Candidate - Under the Skylon
After the success of their last album, which was based around the Cult 1970’s movie ‘The Wicker Man’, Candidate have returned with another themed based album, except this time (as they don’t want to be known as ‘the alternative soundtrack band’ or worse so ‘that Wicker man band’) it’s a little more subtle apart from the title which explains some of the theme, in honour of the short lived building of the same name in London in the early 50’s, the Skylon which was torn down soon after its construction, an apt metaphor for the real theme of the album which is of a love affair and its eventual destruction.
The album starts off with a very short 22 second instrumental, which leads into the first proper song Going Outside, different to the rest of the album, it features more on a critical mix of folk-y guitars and the lead (Joel Morris’) Vocals, it captures your attention from the very first listen. On to Garden, another jaunty tune, but very much different to the last, which features more on lovely and refreshing strum based guitar work, its hard not to start singing along to this. Moving an Oil Rig goes back to the darker side of Candidate, as featured in Nuada, with female backing adding to an almost Clannad feel, but back to those later.
Nothing between us but sky continues the trend of eerie lyrics and vocals, with a catchy chorus and general eeriness. Its songs like these which set candidate apart from most with their ability to switch from cheery to eerie in a few tracks but still keep the theme of the album fresh in the mind with subtle undertones of each aspect of the album stirring underneath the surface.
Fatal Dose delves deeper into the peculiarity and strangeness with a theme of confusion in regards to feelings and excellent yet chilling guitar usage. Onto my favourite track of the album, Mountain Snow starting off calm and quiet like the previous tracks, it engages into a higher tempo quite soon after its intro. The reason this song is my favourite on the album is it brings a chill down my spine with its elusive and delicateness throughout. Falling Leaves carries its own metaphor about life, whereby comparing ourselves to leaves on a tree going through the seasons until the point the leaves and our lives hit the floor. The song itself has a certain amount of Clannad about it, which is no bad thing when done well, and it is.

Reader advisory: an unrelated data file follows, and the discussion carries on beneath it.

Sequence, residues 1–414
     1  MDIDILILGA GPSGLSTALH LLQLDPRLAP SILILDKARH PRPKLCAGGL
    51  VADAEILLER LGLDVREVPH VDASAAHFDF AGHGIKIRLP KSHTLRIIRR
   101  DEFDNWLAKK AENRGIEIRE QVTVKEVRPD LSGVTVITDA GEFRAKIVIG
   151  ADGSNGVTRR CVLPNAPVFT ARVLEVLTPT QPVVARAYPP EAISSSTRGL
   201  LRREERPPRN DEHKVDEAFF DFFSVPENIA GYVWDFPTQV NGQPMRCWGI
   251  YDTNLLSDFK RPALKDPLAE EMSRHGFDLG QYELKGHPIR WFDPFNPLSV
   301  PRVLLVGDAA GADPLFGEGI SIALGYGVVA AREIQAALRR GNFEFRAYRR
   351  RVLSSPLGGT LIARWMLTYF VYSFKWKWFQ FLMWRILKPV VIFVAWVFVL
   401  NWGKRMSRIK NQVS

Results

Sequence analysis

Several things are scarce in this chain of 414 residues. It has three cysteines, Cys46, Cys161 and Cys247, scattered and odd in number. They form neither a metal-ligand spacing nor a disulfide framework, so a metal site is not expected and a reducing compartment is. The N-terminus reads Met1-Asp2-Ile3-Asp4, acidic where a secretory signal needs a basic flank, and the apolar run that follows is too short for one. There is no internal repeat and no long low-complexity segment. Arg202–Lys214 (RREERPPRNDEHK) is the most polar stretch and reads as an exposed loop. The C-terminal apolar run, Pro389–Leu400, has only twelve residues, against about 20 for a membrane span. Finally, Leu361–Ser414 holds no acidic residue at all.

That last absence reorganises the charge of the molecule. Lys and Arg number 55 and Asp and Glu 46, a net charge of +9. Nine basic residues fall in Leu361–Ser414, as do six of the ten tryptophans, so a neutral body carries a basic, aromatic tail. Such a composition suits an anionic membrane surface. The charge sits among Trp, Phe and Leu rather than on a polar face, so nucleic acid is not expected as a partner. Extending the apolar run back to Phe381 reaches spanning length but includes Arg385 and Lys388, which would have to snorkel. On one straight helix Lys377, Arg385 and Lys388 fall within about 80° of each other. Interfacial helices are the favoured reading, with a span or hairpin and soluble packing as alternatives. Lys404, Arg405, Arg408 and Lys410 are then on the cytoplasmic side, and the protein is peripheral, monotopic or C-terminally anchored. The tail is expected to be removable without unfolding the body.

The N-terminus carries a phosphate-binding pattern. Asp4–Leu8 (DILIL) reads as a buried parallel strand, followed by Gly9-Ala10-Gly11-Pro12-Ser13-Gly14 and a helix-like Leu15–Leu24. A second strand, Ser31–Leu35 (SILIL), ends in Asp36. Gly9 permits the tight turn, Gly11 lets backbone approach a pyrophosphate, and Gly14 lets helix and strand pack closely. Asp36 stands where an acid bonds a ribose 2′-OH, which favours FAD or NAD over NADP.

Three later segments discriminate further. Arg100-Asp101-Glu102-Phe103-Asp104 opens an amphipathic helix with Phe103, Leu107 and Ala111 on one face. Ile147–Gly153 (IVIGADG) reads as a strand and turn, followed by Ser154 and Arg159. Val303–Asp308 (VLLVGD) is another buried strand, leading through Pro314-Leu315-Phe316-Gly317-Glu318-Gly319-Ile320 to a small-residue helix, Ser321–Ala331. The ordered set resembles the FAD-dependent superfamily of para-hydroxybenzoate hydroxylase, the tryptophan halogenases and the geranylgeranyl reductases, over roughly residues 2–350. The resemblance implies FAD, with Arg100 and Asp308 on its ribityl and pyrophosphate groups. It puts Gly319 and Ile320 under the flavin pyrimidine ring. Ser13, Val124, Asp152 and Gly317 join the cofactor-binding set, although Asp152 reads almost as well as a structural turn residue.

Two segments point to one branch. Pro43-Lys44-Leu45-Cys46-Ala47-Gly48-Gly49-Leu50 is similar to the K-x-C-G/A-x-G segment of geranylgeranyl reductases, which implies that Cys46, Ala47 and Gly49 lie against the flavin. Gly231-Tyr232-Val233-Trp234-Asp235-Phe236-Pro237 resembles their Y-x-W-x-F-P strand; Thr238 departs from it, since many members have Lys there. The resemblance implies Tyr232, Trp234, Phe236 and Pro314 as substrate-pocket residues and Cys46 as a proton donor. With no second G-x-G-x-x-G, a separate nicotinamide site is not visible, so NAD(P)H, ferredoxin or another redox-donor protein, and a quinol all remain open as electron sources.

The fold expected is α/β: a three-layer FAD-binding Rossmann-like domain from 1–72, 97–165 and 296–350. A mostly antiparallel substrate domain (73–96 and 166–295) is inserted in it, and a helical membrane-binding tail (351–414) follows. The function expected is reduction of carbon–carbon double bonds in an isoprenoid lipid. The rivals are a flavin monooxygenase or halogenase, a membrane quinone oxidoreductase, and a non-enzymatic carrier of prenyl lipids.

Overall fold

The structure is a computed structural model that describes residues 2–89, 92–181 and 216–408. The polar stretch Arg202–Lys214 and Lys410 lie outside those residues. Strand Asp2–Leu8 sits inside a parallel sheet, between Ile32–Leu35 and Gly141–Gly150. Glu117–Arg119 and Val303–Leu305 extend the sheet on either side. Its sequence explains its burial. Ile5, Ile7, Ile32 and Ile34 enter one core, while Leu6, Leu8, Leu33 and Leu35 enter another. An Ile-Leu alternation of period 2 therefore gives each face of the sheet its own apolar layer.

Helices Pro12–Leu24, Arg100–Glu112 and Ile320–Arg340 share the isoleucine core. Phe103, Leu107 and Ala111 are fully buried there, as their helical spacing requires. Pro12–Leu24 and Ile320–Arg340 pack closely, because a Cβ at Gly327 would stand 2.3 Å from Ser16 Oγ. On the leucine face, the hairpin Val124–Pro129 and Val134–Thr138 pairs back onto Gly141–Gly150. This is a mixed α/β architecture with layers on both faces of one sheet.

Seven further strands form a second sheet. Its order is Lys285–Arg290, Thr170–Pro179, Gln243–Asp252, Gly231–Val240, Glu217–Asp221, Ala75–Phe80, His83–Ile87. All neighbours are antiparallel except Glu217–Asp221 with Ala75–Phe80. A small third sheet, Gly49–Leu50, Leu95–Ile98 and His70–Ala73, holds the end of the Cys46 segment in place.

Another One Down is another favourite of mine on the album, with both catchy guitar work and lyrics, yet again this is a song hard not to sing along to.
Glass Skylon is rather like an conflicting version of Going Outside as both heavily feature the same amounts of guitars versus vocals versus small amounts of a keyboard, but the songs are radically different tone wise, which along with this goes completely with the metaphor behind the album, as of Going Outside featured the start of the relationship, Glass Skylon deals with the bitterness at the end of a relationship. With a slight more tempo to it You are loved is a sort of middle ground between the slowness of Glass Skylon and the relative upbeat final track, Joel’s vocals singing in tandem to his backing female vocals (Alex Donohoe I believe) which further adds to the albums metaphor of the love affair destruction.
The final track on the album Lay me on the line is more upbeat than the last, and metaphor wise relates to desperation after a relationship crumbles, wanting answers about questions no-one should ask.
Under the Skylon has a more polished feel than Nuada (it did take nine times longer to make however) and rightly so, it’s a progression forwards for the band which will hopefully lead them into more success and ever increasingly better albums. Candidate seem to be the ‘band that never were’ because despite their obvious greatness, they like a lot of excellent bands seem to get overlooked. If you like artists like the Beta Band, REM, Clannad, and even The Byrds etc. then you’ll love Under the Skylon